Smith, rh Mr. Andrew
Smith, Ms Angela C. (Sheffield, Hillsborough)
Smith, Angela E. (Basildon)
Smith, Geraldine
Smith, John
Snelgrove, Anne
Soulsby, Sir Peter
Southworth, Helen
Spellar, rh Mr. John
Starkey, Dr. Phyllis
Stewart, Ian
Strang, rh Dr. Gavin
Straw, rh Mr. Jack
Stringer, Graham
Stuart, Ms Gisela
Sutcliffe, Mr. Gerry
Taylor, Ms Dari
Taylor, David
Thomas, Mr. Gareth
Timms, rh Mr. Stephen
Tipping, Paddy
Todd, Mr. Mark
Trickett, Jon
Truswell, Mr. Paul
Turner, Dr. Desmond
Turner, Mr. Neil
Twigg, Derek
Vaz, rh Keith
Vis, Dr. Rudi
Walley, Joan
Waltho, Lynda
Watson, Mr. Tom
Watts, Mr. Dave
Whitehead, Dr. Alan
Wicks, Malcolm
Williams, Mrs. Betty
Wills, Mr. Michael
Wilson, Phil
Winnick, Mr. David
Winterton, rh Ms Rosie
Woodward, rh Mr. Shaun
Woolas, Mr. Phil
Wright, David
Wright, Mr. Iain
Wyatt, Derek
Younger-Ross, Richard
Tellers for the Ayes:

Mr. Bob Blizzard and
Steve McCabe

Afriyie, Adam
Ainsworth, Mr. Peter
Amess, Mr. David
Ancram, rh Mr. Michael
Arbuthnot, rh Mr. James
Atkinson, Mr. Peter
Bacon, Mr. Richard
Baldry, Tony
Barker, Gregory
Baron, Mr. John
Bellingham, Mr. Henry
Beresford, Sir Paul
Bone, Mr. Peter
Boswell, Mr. Tim
Bottomley, Peter
Brady, Mr. Graham
Brazier, Mr. Julian
Brokenshire, James
Browning, Angela
Burns, Mr. Simon
Burrowes, Mr. David
Burt, Alistair
Butterfill, Sir John
Campbell, Mr. Gregory
Carswell, Mr. Douglas
Cash, Mr. William
Chope, Mr. Christopher
Clappison, Mr. James
Clark, Greg
Clarke, rh Mr. Kenneth
Clifton-Brown, Mr. Geoffrey
Cox, Mr. Geoffrey
Curry, rh Mr. David
Davies, David T.C. (Monmouth)
Davies, Philip
Davis, rh David (Haltemprice and Howden)
Djanogly, Mr. Jonathan
Dodds, Mr. Nigel
Dorrell, rh Mr. Stephen
Duncan, Alan
Duncan Smith, rh Mr. Iain
Dunne, Mr. Philip
Ellwood, Mr. Tobias
Evennett, Mr. David
Fabricant, Michael
Fallon, Mr. Michael
Field, Mr. Mark
Fox, Dr. Liam
Francois, Mr. Mark
Fraser, Mr. Christopher
Gale, Mr. Roger
Garnier, Mr. Edward

Gauke, Mr. David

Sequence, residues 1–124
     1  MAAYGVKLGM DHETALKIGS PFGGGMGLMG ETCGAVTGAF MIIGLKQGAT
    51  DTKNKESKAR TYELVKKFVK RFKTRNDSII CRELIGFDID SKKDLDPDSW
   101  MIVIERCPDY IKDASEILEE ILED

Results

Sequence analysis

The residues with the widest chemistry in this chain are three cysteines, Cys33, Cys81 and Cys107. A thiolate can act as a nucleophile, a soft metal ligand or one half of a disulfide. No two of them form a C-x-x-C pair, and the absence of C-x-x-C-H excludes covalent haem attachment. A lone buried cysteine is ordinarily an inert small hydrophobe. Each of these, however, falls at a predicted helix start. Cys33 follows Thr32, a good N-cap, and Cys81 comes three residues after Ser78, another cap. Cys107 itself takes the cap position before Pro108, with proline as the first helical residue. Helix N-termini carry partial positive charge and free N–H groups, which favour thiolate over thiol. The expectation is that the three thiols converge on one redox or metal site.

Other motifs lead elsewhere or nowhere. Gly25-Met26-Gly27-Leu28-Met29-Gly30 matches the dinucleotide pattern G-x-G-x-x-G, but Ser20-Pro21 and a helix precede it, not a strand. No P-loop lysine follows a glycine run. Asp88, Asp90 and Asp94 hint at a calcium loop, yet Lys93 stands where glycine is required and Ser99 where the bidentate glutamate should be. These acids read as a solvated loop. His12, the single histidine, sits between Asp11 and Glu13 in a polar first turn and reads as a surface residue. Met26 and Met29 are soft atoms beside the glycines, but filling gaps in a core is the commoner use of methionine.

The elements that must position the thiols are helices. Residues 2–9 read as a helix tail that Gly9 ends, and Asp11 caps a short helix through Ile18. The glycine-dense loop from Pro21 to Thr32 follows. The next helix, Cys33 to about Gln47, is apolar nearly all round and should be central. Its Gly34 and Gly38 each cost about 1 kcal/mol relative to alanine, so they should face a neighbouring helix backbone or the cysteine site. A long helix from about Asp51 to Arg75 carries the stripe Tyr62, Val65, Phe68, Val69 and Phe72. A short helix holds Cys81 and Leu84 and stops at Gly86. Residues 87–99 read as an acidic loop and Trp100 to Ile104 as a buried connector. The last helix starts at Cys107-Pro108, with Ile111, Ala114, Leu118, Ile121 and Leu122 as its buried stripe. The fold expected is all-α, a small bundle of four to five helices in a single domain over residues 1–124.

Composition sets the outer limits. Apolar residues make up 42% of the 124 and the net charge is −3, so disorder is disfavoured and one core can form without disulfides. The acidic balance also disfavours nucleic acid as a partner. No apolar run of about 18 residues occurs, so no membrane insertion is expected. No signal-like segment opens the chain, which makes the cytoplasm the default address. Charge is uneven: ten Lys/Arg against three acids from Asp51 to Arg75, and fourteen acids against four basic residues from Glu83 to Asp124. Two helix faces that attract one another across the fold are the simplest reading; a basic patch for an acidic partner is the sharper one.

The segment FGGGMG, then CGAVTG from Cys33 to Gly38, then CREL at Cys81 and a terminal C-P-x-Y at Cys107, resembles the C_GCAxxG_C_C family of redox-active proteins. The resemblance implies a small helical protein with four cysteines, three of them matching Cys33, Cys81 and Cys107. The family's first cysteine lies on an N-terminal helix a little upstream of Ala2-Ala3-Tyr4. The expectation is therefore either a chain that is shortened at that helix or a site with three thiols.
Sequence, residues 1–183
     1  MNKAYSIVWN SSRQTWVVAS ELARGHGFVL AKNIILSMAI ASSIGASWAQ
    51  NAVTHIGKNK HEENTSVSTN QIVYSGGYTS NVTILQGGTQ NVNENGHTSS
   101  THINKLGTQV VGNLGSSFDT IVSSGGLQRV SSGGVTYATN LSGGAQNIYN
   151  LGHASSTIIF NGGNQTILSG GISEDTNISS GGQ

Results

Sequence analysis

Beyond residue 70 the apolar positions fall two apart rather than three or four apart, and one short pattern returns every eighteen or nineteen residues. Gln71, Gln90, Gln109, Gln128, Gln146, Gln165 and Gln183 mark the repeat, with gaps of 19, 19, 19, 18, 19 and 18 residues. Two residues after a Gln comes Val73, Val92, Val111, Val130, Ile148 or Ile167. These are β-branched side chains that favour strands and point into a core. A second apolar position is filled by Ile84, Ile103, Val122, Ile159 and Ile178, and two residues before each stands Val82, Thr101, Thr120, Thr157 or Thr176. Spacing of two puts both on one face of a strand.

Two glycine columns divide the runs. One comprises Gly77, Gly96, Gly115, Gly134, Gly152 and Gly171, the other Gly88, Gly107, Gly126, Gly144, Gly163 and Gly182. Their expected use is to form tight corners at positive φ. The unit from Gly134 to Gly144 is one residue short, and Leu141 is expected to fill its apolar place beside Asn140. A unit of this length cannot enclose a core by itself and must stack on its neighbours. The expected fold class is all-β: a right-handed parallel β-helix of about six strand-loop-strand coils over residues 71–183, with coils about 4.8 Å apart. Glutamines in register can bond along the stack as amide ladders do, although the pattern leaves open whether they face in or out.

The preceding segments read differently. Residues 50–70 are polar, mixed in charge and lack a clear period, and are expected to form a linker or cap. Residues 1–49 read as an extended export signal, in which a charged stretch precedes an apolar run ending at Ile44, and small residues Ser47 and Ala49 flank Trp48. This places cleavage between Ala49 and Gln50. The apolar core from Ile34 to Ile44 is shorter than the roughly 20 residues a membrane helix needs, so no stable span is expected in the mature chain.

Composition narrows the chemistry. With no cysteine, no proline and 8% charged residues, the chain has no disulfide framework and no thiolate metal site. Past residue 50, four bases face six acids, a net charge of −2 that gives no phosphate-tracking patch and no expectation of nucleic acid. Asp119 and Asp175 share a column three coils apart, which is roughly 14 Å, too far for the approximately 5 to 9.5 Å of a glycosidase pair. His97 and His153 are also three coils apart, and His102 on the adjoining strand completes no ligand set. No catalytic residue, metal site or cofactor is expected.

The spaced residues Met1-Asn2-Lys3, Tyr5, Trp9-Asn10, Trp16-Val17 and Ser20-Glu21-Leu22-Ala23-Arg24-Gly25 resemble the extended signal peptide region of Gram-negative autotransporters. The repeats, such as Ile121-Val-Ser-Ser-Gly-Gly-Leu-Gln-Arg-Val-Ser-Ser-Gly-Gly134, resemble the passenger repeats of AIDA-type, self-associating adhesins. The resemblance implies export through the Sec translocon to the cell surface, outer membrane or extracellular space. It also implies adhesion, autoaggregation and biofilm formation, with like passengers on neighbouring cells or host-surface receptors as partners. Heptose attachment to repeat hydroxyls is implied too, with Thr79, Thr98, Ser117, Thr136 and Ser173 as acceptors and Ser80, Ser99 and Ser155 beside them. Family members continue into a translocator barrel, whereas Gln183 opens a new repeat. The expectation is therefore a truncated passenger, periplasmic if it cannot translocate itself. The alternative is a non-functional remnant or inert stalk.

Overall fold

Gibb, Mr. Nick
Gillan, Mrs. Cheryl
Goodman, Mr. Paul
Goodwill, Mr. Robert
Gray, Mr. James
Grayling, Chris
Green, Damian
Greening, Justine
Greenway, Mr. John
Grieve, Mr. Dominic
Gummer, rh Mr. John
Hague, rh Mr. William
Hammond, Mr. Philip
Hammond, Stephen
Hands, Mr. Greg
Harper, Mr. Mark
Hayes, Mr. John
Heald, Mr. Oliver
Heathcoat-Amory, rh Mr. David
Hendry, Charles
Herbert, Nick
Hoban, Mr. Mark
Hollobone, Mr. Philip
Holloway, Mr. Adam
Horam, Mr. John
Howarth, Mr. Gerald
Hurd, Mr. Nick
Jack, rh Mr. Michael
Jackson, Mr. Stewart
Jenkin, Mr. Bernard
Jones, Mr. David
Kawczynski, Daniel
Key, Robert
Kirkbride, Miss Julie
Knight, rh Mr. Greg
Laing, Mrs. Eleanor
Lait, Mrs. Jacqui
Lancaster, Mr. Mark
Leigh, Mr. Edward
Letwin, rh Mr. Oliver
Lewis, Dr. Julian
Liddell-Grainger, Mr. Ian
Lidington, Mr. David
Lilley, rh Mr. Peter
Loughton, Tim
Mackay, rh Mr. Andrew
Main, Anne
Malins, Mr. Humfrey
Maples, Mr. John
Maude, rh Mr. Francis
May, rh Mrs. Theresa
McCrea, Dr. William
McIntosh, Miss Anne
McLoughlin, rh Mr. Patrick
Miller, Mrs. Maria
Milton, Anne
Mitchell, Mr. Andrew
Moss, Mr. Malcolm
Mundell, David
Murrison, Dr. Andrew
Neill, Robert
Newmark, Mr. Brooks
O'Brien, Mr. Stephen
Osborne, Mr. George
Ottaway, Richard
Paice, Mr. James
Paterson, Mr. Owen
Penning, Mike
Penrose, John
Pickles, Mr. Eric
Prisk, Mr. Mark
Pritchard, Mark
Randall, Mr. John
Redwood, rh Mr. John
Rifkind, rh Sir Malcolm
Robathan, Mr. Andrew
Robertson, Hugh
Robertson, Mr. Laurence
Robinson, rh Mr. Peter
Ruffley, Mr. David
Russell, Bob
Scott, Mr. Lee
Selous, Andrew
Simmonds, Mark
Simpson, David
Simpson, Mr. Keith
Soames, Mr. Nicholas
Spelman, Mrs. Caroline
Spicer, Sir Michael
Spink, Bob
Spring, Mr. Richard
Stanley, rh Sir John
Steen, Mr. Anthony
Streeter, Mr. Gary
Swayne, Mr. Desmond
Swire, Mr. Hugo
Syms, Mr. Robert
Tredinnick, David
Turner, Mr. Andrew
Vaizey, Mr. Edward
Vara, Mr. Shailesh
Villiers, Mrs. Theresa
Walker, Mr. Charles
Wallace, Mr. Ben
Waterson, Mr. Nigel
Watkinson, Angela
Whittingdale, Mr. John
Widdecombe, rh Miss Ann
Wiggin, Bill
Willetts, Mr. David
Winterton, Ann
Winterton, Sir Nicholas
Yeo, Mr. Tim
Young, rh Sir George
Tellers for the Noes:

James Duddridge and
Jeremy Wright
Question accordingly agreed to.
Bill read the Third time, and passed.